The height of flight of diurnal migrants influences not only their reaction
to leading lines but also their probability of being observed. Some of the
factors which influence height of flight are listed below:
(1) Wind direction. g
Birds fl y h’1h er in a tailwind and lower in a head-
wind or crosswind (Trowbridge, 1902; Deelder and Tinbergen, 1947; Rude-
(2) Wind speed. Birds fly lower in stron g winds (Deelder and Tinbergen,
(3) The underlying terrain. Sea birds fly higher over land than over
the sea, land birds fly higher over the sea than over land (Svhdson, 1953).
Forest birds fly higher over open, than over wooded, terrain (Deelder and
Tinbergen, 1947). Hawks fly much higher over cities than over wooded
terrain (Trowbridge, 1902).
(4) Leading lines. Birds flying along a leading line usually fly quite
low (Deelder and Tinbergen, 1947). Hawks have been observed to descend
to lower altitudes when they encounter a coast (Allen and Peterson, 1936 j .
These observations suggest that the leadin, 0 line might induce lower flight.
(5) Visibility. Chaffinches fly lower in fog and heavy rain (Deelder
and Tinbergen, 1947).
EVIDENCE OF DRIFT
Most of the data in support of the theory of wind drift provide indirect
evidence; it is exceedingly difficult to observe drift in progress. Before one
can evaluate a direct observation which seems to indicate drift one must be
certain of the following: (1) that the bird was actually migrating, (2) the
54 THE WILSON BULLETIN Vol. 79, No. 1
standard migratory direction of the bird, (3) that the bird was not being
influenced by topography. These conditions are almost impossible to meet.
Whether or not a bird is actually migrating can be determined only sub-
jectively no matter how well the migratory habits of the species observed
are known, and no matter how experienced the observer. The standard
migratory direction can only be inferred from the distribution of band
recoveries or from observations of birds in flight, both of which are influenced
by drift and topography. Attempts to determine the standard direction by
experimental means may produce misleading results (see Kramer, 1950;
Matthews, 1961). Absolutely featureless terrain does not exist, and the
possibility that a bird is bein g influenced by topography cannot be dismissed
With the above difficulties in mind, we submit below some observations
which might be interpreted as offering some direct evidence of drift. Over
the past several years we have collected 14 observations of hawks flying over
relatively featureless terrain, away from obvious leading lines, and during
the time of year when the species is normally migrating. Each of the hawks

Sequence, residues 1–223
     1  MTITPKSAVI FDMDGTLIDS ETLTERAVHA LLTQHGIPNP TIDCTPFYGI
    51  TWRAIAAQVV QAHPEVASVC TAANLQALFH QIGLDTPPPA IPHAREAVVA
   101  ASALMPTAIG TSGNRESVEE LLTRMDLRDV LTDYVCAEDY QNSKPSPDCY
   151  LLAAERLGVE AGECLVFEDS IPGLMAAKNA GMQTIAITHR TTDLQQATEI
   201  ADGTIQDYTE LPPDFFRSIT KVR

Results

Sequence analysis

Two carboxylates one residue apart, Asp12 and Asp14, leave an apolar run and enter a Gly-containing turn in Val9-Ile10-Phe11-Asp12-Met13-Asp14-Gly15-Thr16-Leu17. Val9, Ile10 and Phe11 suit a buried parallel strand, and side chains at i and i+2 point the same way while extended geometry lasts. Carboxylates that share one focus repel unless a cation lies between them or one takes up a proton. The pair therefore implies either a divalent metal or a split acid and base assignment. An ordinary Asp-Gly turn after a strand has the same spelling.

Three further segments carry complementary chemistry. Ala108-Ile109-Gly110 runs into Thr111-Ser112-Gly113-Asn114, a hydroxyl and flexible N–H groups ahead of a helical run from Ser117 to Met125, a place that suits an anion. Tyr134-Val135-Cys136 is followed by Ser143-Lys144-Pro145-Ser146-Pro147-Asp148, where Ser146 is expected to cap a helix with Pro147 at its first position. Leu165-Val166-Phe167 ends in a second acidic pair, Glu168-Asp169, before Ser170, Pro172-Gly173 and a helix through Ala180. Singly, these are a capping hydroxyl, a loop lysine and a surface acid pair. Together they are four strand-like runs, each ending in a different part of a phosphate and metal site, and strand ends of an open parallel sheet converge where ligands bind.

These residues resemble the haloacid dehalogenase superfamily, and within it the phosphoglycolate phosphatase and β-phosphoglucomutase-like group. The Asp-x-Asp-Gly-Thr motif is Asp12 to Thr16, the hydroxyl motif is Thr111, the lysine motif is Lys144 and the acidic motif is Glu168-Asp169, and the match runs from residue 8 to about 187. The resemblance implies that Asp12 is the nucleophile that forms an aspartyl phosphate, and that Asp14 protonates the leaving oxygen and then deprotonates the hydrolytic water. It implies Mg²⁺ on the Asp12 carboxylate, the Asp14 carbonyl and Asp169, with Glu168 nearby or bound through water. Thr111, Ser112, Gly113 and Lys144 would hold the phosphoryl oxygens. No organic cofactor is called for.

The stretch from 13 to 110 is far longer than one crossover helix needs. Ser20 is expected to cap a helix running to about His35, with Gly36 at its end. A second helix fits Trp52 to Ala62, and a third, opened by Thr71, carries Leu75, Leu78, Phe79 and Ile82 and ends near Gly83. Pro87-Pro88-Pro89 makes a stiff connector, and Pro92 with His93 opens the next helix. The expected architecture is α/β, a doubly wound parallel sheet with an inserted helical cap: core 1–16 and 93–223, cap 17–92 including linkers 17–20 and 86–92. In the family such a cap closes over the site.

moved in a relatively constant direction for a considerable distance and was
thought to be migrating. The 14 observations were of the following species
and individuals : three Marsh Hawks (Circus cyalzeus), seven Red-tailed
Hawks (Buteo jamaicerzs&) , four Rough-legged Hawks (Buteo Zagopus), and
more than 500 Broad-winged Hawks (Buteo platypterus). Two of the Red-
tailed Hawks were flying south on a calm autumn day. The Broad-winged
Hawks were moving southward on an autumn day in a light northerly wind.
Of the remaining individual observations, four birds were moving downwind
in an inappropriate direction (at least 90” from the “expected direction” of
north in spring, south in autumn). Another three birds were moving upwind
in an inappropriate direction, and two birds were moving upwind in the
appropriate direction. Only three birds, two low flying Marsh Hawks and
one low flying Rough-legged Hawk, were observed to quarter the wind. Each
of these three birds was moving in essentially the appropriate direction. The
above observations suggest that some hawks fly up- or downwind. Maximum
drift can occur if birds fly downwind. Considerable displacement can also
occur if the birds fly into the wind. Further observations of migration away
from leading lines are needed.
Rainey (1960) analyzed photographically the flight of two European
Storks (Ciconia ciconia) over a brief interval of time and concluded that the
birds were being drifted by the wind. However, the date and location of
observation were not given, and it is impossible to state whether or not the
birds were migrating. Lack (1960) concluded that his radar observations
offered evidence for the wind drift of migrating birds. He usually found no
DIURNAL MIGRATION 55
differences in the flight directions over land and over sea of both nocturnal
and diurnal migrants.
WIND DRIFT THEORY